Amidst the COVID-19 pandemic, numerous households throughout Australia embraced the addition of new four-legged family members. According to estimates from the RSPCA, nearly half of all households in the country now include a canine companion. 

As many of us find ourselves navigating the transition back to pre-pandemic routines, it’s crucial to address the challenges that may arise, such as the growing issue of separation anxiety in dogs. In this blog post, we’ll delve into what separation anxiety is, why it’s on the rise, and practical strategies to help your canine companion thrive in the new normal. 

What is separation anxiety? 

Separation anxiety in dogs is a behavioral condition that manifests when a dog becomes overly distressed or anxious when separated from their owner. This emotional turmoil can result in destructive behaviors, excessive barking, and even house soiling as the dog attempts to cope with the stress of being alone. 

The increasing prevalence of separation anxiety in dogs can be attributed to several factors, notably the increase in time spent at home during the COVID-19 pandemic. Dogs accustomed to constant human presence may find it challenging to adapt when their owners return to traditional work environments. 

Five things you can do about separation anxiety 

  1. Create a safe space. Designate a specific area in your home as a safe and comfortable space for your dog. Use items like blankets, toys, and your dog’s bed to make this space inviting.  
  1. Establish a routine. Like with children, dogs thrive on routines, and having a consistent daily schedule can reduce anxiety. Establish set times for feeding, walks, play, and alone time. Predictability helps dogs feel more secure and less stressed about separations.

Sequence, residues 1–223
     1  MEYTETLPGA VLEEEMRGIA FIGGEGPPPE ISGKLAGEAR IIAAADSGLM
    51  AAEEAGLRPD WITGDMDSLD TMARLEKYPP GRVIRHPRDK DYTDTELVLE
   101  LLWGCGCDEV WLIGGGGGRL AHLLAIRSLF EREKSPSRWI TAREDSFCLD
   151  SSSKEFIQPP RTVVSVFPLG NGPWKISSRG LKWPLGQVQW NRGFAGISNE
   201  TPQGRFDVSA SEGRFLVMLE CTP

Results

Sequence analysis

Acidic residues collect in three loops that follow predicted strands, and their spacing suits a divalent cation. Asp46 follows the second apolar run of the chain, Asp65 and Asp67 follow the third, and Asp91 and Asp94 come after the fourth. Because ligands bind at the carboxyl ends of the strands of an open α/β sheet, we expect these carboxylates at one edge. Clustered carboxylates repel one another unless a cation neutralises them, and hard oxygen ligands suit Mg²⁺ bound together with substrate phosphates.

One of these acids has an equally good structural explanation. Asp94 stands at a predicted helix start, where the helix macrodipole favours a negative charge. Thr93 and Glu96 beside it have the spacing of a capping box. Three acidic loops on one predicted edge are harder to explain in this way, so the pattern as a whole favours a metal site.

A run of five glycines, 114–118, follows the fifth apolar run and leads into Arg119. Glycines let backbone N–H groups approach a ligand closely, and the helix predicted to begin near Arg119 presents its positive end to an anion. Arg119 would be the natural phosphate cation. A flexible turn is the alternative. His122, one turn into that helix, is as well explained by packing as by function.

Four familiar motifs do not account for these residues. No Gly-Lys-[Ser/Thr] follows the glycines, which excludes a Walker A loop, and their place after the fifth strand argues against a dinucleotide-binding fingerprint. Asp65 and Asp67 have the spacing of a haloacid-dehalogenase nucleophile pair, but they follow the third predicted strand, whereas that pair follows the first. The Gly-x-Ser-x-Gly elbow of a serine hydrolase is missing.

1. Desensitisation. Practice leaving your home for short intervals, gradually increasing the duration over time. This technique helps your dog understand that departures are temporary and that you will return. Reward your dog for calm behavior during these practice sessions. 
  1. Provide supplementary stimulation. Engaging toys & treat-dispensing puzzles can help distract and entertain them during your absence. Leaving on soft background noise, such as calming music or a TV set to a soothing channel, can help mask outside sounds and create a more comforting environment for your dog. 
  1. Personalised dog walking services. Professional dog walkers provide regular exercise, mental stimulation, and companionship for your furry friend when you’re away. This not only helps to expend excess energy but also eases the emotional strain of being alone. 


Matilde is a CERT IV qualified professional pet care provider at Urban Herd, a local business which provides personalized dog walking services in the Eastern Suburbs. She says: 

“It’s important to recognize the unique challenges faced by dogs in the post-pandemic era, and our commitment is to provide not just a walk but a holistic experience that contributes to their overall well-being.  

At Urban Herd, we’ve witnessed the positive impact of regular walks on dogs struggling with separation anxiety. Our personalised dog walking services not only provide physical activity but also offer a social outlet, reducing feelings of isolation. It’s heartwarming to see the transformation in these dogs as they become more confident and content.” 


Understanding and addressing separation anxiety in dogs requires a combination of patience, training, and supportive services. With careful planning, incorporating desensitisation techniques & getting the right professional support, you can help your furry friend feel more secure and content when left alone. Remember, a happy and well-adjusted dog leads to a happier and healthier life for both pet and owner alike. 

To enquire about personalised dog walking services from Urban Herd, call 0497 063 530 or email and schedule your free meet & greet.